This is my conceptual for a paper in my development course:
Chile offers academics a rare real world example of the liberal democratic market system losing hegemony culminating in the election of Marxist president, Salvador Allende in 1970 with the express objective to replace the capitalist market system. The Allende regime, lasting for about three years, was able to begin a process of democratic socialist transformation via the nationalization of strategic industries, such as copper, and creating the mechanisms for a new technological central planning system distinct from the Soviet GOSPLAN system—cybersyn; nevertheless, still retaining the democratic character of the former liberal regime. The presidential election of 1970, and the net gain in the parliamentary elections of 1973 for the Communist Party—in the midst of the largely, externally induced economic crisis—displayed that socialism as an alternative had growing popular support. However, the Chilean democratic-socialist revolution highlighted the collapse of liberalism and capitalism as a hegemonic, ‘common sense’ force, it also displayed the need for a mass movement to protect the revolution from being subsumed by internal and external threats. Indeed, as Polanyi suggests, capitalism is a system characterized by a ‘double-movement’. The attempt to socialize Chile pushed the Polanyist oscillation—of embedding the economy back to society—to an extreme that invited an equally forceful lurch back to the disembedding of the economy from the society by the capitalist classes.
The coup d’etat staged against the Allende regime on September 11, 1973 was the culmination of not merely a local struggle for hegemony/domination, but was a metaphor for the global struggle for ideological control, which in the 1960s and 1970s reached a fevered pitch. The coup d’etat represented the first salvo in the capitals ‘counter-revolution’ against the ascendant socialist, and hegemonic Keynesian discourse. The golpistas in Chile were supported by a myriad of local and external powers, whose express objective was to reestablish the market system as dominant means to organize society through domination. It was also an attempt to subordinate labour via the co-optation and elimination of society’s defence mechanisms, which included, the cooptation of the independent union movement and civil society. The physical elimination, or ‘cleansing’, from the nation’s body politic the intellectual and cultural vanguard of the socialist/working class movement, which were essential to creating a new hegemonic discourse. Lastly, and most importantly, the ‘counter-revolution’ meant replacing Chile’s developmental, and labour policies with the ‘scientific’, utilitarian, cosmopolitan, capitalist class bias of Friedmanite economic reforms. This meant subordinating Chile’s economy into a renewed neoliberal globalization discourse, subsuming Chile’s economic development for the interests of international accumulation, and reestablishing the classic ‘division of labour’ of the world economy via the liberalization of Chile’s trade and capital accounts after the capture of the state by the ‘Chicago Boys’ in 1975.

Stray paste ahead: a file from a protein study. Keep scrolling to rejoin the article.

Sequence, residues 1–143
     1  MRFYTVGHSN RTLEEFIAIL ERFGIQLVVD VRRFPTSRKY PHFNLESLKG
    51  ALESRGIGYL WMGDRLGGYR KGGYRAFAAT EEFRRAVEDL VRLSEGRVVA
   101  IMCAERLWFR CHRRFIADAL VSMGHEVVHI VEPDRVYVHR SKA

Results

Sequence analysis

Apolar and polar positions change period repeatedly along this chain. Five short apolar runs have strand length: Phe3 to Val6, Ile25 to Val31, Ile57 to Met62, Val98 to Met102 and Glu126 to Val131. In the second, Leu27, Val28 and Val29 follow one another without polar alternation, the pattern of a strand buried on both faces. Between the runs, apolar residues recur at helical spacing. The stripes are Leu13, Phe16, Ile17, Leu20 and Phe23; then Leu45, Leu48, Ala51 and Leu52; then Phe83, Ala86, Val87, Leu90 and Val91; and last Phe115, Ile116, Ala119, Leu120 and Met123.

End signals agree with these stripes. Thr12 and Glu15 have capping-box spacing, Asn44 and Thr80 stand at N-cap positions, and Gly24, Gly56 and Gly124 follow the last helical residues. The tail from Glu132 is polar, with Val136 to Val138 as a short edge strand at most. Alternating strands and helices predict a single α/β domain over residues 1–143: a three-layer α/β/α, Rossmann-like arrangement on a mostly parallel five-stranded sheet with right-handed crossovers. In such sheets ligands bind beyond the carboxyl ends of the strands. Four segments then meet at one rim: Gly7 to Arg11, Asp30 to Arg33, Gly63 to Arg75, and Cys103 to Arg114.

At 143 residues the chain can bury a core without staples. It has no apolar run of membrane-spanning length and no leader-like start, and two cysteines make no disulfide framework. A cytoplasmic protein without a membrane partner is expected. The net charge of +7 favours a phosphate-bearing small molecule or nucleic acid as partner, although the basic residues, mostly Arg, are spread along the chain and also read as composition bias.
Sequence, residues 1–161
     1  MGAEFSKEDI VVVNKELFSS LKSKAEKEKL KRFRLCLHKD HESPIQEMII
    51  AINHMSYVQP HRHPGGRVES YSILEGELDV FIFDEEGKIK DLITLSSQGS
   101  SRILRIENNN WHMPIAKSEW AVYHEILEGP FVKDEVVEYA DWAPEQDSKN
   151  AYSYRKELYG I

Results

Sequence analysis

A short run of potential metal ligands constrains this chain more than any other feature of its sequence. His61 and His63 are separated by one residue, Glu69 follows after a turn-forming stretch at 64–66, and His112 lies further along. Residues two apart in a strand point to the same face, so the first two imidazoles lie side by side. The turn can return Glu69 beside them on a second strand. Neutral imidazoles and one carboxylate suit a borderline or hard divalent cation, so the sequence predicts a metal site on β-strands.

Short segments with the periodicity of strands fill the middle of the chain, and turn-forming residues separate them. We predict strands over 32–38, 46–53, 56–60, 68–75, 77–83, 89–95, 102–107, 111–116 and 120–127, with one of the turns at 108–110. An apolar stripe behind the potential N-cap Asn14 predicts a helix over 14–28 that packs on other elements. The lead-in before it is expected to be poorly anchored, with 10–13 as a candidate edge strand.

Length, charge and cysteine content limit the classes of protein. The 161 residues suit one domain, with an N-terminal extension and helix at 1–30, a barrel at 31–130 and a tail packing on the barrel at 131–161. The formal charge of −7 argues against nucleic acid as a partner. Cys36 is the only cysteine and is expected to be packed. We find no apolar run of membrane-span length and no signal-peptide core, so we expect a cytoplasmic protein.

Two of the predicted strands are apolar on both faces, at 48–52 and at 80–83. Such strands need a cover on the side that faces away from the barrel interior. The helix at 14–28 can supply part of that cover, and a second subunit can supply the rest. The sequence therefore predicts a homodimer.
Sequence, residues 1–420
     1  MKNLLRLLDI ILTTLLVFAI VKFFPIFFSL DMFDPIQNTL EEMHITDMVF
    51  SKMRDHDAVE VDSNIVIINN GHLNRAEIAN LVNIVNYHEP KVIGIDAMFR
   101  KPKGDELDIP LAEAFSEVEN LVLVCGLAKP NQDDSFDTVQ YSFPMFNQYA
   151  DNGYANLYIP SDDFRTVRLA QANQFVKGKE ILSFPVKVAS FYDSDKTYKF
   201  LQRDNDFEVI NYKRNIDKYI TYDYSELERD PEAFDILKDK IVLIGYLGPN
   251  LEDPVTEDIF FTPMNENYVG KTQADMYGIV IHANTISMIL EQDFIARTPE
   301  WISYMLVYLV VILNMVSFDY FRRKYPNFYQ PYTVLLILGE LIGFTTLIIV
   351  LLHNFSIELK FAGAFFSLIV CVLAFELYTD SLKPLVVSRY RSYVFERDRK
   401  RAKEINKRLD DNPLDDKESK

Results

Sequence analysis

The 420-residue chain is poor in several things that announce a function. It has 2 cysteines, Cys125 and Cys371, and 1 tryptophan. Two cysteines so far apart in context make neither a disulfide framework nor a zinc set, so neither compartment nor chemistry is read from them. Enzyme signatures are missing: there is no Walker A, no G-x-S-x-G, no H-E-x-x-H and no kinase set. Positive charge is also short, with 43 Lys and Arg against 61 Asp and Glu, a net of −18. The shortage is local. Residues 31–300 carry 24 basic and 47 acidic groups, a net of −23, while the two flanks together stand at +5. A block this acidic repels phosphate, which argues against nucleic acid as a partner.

By September 11, 2001, twenty-eight years after the destruction of La Moneda by the Chilean Air Force, commanded by ‘market fundamentalists’ in Santiago, the World Trade Centre in New York City, the symbol of neoliberal globalization was brought down by an aerial attack by ‘Islamic fundamentalists’. The supposedly hegemonic neoliberal edifice, built on the triumphalism and mythology of what Francis Fukuyama called the ‘end of the history’ after the collapse of communism in 1989, was itself beginning to crumble. These failures include the failure of neoliberalism to resolve the debt crisis and revamp growth after the 1980s. The robber baron, ‘shock-therapy’ capitalism that characterized the post-communist transitional economies, amplified tense class and ethnic tensions, which proved that China’s gradualist approach under the rubric of authoritarianism was optimal. The exacerbation of the financial and social crisis in East Asia via IMF Structural Adjustment Policies culminating with the coup of Suharto in Indonesia, highlighting that capital controls, as those employed by China and Malaysia were necessary for small, and vulnerable economies. The subsumption of class politics by ethnic and religious identity politics exacerbating ethnic tensions worldwide, for example, the former Yugoslavia, Rwanda, and India. The double-speak of liberal internationalism exemplified by the Kosovo War, helping shift Russia away from liberalism towards nationalism and helping to sow deep cynicism towards international law and its institutions. Lastly, the deep scars left over by the mythologized ‘peaceful and democratic’ implementation of neoliberalism throughout the periphery, i.e. Venezuela 1989, Argentina 1991, Russia 1993, etc. began to erode the legitimacy of neoliberal globalization.
It was during this crisis at the turn of the century, that an initially tempered ‘double movement’ towards the subordination, or embedding, of the market system to democratic forces began to take on serious momentum under Hugo Chavez in Venezuela.
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